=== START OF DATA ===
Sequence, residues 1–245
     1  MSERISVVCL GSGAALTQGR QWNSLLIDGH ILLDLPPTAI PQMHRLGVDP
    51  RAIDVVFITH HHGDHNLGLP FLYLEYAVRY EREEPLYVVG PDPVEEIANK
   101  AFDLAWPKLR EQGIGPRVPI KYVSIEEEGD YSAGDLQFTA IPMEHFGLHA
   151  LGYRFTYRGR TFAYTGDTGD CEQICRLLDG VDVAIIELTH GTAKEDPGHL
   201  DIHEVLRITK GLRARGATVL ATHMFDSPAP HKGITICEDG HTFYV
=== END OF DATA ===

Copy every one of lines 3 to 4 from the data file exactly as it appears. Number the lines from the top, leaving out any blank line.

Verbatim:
    51  RAIDVVFITH HHGDHNLGLP FLYLEYAVRY EREEPLYVVG PDPVEEIANK
   101  AFDLAWPKLR EQGIGPRVPI KYVSIEEEGD YSAGDLQFTA IPMEHFGLHA